First, I want to say Happy New Year!!! Good Riddance 2013! (Had to be said) to the point. Recently I purchased Raising puppies and Kids Together by by Pia Silvani and Lynn Eckhardt. While very informative it is geared more toward raising puppies and toddlers. Does anyone know of any good reference books for raising puppies and older kids (9 yrs old)? I keep having conversations with my son on how routines, etc. will change, what he will be RESPONSIBLE for in helping to raise our new addition and his response is always..."I know mom". Hmmmm, right. He's nine! He doesn't know squat about raising this puppy. I don't want to sound like the "nagging" mom so I'm asking everyone here for any helpful tips, book ideas, etc. for my boy. I feel I need to kind of train him before this puppy. 

Does that sound strange? Am I thinking about this too much?

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  • Not sure about reading material, but I was just going to suggest once you have your doodle, to
    Enroll him in puppy classes and take your son so he can learn how to work with your new puppy also.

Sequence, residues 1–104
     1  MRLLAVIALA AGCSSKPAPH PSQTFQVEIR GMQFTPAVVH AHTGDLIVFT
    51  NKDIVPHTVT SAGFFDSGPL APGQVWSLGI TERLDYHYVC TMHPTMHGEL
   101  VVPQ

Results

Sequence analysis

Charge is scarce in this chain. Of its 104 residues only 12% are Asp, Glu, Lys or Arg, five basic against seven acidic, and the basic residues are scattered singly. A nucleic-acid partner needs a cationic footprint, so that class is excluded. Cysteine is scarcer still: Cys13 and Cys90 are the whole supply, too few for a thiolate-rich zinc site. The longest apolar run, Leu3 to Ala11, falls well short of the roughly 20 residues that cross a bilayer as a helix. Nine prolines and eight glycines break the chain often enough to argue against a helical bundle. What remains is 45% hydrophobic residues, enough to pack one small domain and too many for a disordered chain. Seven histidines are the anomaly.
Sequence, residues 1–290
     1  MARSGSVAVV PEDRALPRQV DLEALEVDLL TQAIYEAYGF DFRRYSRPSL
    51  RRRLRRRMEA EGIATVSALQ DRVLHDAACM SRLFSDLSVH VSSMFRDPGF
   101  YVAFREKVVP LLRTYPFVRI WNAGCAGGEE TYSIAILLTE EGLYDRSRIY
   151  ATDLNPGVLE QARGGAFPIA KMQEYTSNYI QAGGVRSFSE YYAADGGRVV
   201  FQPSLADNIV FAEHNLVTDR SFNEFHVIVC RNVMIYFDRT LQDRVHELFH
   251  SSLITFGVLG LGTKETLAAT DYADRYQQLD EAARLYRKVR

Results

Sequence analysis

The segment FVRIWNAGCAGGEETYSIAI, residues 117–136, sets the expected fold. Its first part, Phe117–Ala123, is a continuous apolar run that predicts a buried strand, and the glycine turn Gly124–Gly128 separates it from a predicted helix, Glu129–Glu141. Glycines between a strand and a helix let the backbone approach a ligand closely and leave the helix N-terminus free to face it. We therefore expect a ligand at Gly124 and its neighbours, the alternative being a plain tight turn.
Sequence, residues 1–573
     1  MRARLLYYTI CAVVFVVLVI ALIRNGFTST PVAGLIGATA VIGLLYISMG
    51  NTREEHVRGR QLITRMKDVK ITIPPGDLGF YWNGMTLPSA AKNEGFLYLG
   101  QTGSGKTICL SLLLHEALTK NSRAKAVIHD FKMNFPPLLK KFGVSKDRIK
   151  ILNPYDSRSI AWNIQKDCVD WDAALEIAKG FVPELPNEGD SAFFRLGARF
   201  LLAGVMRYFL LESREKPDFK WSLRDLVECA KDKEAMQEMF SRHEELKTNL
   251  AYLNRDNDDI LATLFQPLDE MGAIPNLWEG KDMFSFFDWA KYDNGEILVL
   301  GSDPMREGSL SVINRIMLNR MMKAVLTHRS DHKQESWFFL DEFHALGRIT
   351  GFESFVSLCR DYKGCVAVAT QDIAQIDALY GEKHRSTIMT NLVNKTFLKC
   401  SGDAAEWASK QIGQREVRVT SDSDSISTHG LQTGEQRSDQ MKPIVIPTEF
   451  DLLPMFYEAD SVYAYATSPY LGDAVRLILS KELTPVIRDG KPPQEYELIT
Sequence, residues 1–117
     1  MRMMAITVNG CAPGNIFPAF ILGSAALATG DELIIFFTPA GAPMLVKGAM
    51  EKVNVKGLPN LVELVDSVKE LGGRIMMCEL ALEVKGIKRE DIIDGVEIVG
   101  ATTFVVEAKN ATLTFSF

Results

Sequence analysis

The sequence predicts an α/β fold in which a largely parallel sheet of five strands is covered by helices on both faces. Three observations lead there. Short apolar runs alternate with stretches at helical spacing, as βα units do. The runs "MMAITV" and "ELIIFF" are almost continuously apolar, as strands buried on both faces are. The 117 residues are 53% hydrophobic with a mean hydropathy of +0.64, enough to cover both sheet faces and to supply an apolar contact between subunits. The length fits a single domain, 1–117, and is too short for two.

• What a great idea!  Maybe you could enroll him in the class with the puppy and you could watch!  That way he would really feel responsible!  My grandson goes with his other grandma to agility training and absolutely loves it - he is always telling me what to do with Myla!

    • That's an absolute must ! ;)

  • IMO, it's a mistake to expect any child of any age to be responsible for any part of raising a puppy. The responsibility is always the adults', and should be. 

    • I understand your point of view, and I will be primary owner/trainer ALWAYS. BUT he will be expected to HELP with going for walks, exercising puppy with us, learning to be more responsible himself regarding picking up his toys, shoes, etc. He is getting older and more is expected of him. This puppy, while a family pet, and hopefully therapy dog, is also going to be his playmate. I feel my son needs to learn appropriate behaviors when giving commands and appropriate play, and boundaries.